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                                                                                                                                                                                                                                                                                                                                                                                                              Exhaustiveness Effects

                                                                                                                                                                                                                                                                                                                                                                                                              Another area of intensive semantic and pragmatic research on focus is the emergence of exhaustiveness inferences with focus and focus-related constructions. The articles Szabolcsi 1981, Szabolcsi 1994 and Onéa and Beaver 2009 provide analyses of the exhaustiveness of Hungarian preverbal focus. The articles Horn 1981, Percus 1997, Velleman, et al. 2012, and Büring and Kriz 2012 discuss the exhaustiveness of cleft sentences in English. Van der Wal 2011 offers a rare discussion of exclusion effects with morphological focus marking in a Bantu language.

                                                                                                                                                                                                                                                                                                                                                                                                              • Büring, Daniel, and Manuel Kriz. 2012. It’s that, and that’s it! Exhaustivity and homogeneity presuppositions in clefts (and definites). Semantics & Pragmatics 6.6: 1–29.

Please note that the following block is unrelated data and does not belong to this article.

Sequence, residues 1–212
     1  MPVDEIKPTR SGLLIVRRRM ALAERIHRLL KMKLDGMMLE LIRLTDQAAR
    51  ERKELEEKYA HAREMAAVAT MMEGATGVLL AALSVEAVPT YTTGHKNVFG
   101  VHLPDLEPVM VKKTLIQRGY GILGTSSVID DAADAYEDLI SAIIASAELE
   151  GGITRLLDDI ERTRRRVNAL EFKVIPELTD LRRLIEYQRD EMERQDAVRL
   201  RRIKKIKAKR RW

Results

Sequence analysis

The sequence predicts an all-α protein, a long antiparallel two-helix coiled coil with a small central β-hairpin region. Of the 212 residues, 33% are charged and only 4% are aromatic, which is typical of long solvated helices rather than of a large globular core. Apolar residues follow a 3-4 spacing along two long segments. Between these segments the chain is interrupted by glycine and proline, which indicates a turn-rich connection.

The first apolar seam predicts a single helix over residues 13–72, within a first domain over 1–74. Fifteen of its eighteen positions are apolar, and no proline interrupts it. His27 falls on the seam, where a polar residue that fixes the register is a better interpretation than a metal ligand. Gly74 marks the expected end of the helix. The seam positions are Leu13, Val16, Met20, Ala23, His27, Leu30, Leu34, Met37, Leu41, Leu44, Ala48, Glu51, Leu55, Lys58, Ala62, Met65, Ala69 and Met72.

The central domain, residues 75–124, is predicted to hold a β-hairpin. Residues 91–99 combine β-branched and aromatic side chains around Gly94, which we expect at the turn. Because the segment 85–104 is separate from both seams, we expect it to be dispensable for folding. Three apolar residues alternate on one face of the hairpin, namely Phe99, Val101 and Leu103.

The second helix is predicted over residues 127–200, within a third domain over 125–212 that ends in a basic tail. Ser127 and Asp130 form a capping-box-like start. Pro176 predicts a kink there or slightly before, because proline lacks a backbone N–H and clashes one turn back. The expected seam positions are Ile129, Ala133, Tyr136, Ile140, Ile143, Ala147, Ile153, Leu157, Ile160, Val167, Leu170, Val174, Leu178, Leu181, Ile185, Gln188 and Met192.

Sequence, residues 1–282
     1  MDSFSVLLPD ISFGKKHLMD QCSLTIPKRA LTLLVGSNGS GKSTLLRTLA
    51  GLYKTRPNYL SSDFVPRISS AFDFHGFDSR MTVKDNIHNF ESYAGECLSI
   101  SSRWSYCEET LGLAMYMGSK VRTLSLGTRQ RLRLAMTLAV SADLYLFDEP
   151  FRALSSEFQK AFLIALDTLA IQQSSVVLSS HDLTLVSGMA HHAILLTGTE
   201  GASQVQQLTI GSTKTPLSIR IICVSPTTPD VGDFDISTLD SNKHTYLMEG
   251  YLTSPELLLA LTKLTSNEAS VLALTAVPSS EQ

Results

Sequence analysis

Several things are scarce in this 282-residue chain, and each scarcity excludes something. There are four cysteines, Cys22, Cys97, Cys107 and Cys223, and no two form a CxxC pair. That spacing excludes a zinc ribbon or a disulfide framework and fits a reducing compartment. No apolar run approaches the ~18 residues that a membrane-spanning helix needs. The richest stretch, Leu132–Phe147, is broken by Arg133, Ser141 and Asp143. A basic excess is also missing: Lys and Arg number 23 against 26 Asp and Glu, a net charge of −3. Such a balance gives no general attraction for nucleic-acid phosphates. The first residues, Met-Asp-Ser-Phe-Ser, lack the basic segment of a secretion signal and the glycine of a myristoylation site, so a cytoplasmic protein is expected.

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                                                                                                                                                                                                                                                                                                                                                                                                                Advanced journal paper that presupposes a background in formal semantics. Variation on the analysis in Percus 1997. It-clefts are treated on a par with definite descriptions semantically in triggering a homogeneity presupposition. Ends on controversial claim that it-clefts do not obligatorily trigger existence presuppositions.

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                                                                                                                                                                                                                                                                                                                                                                                                                • Horn, Lawrence R. 1981. Exhaustiveness and the semantics of clefts. In Proceedings of the Eleventh Annual Meeting of the North Eastern Linguistic Society (NELS 11). Edited by Victoria Burke and James Pustejovsky, 124–142. Amherst, MA: GLSA.

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                                                                                                                                                                                                                                                                                                                                                                                                                  Programmatic conference paper. Makes a forceful claim for the pragmatic nature of exhaustiveness effects with it-clefts. Exhaustiveness results from a manner-driven scalar implicature triggered by the use of a noncanonical cleft structure over a canonical sentence.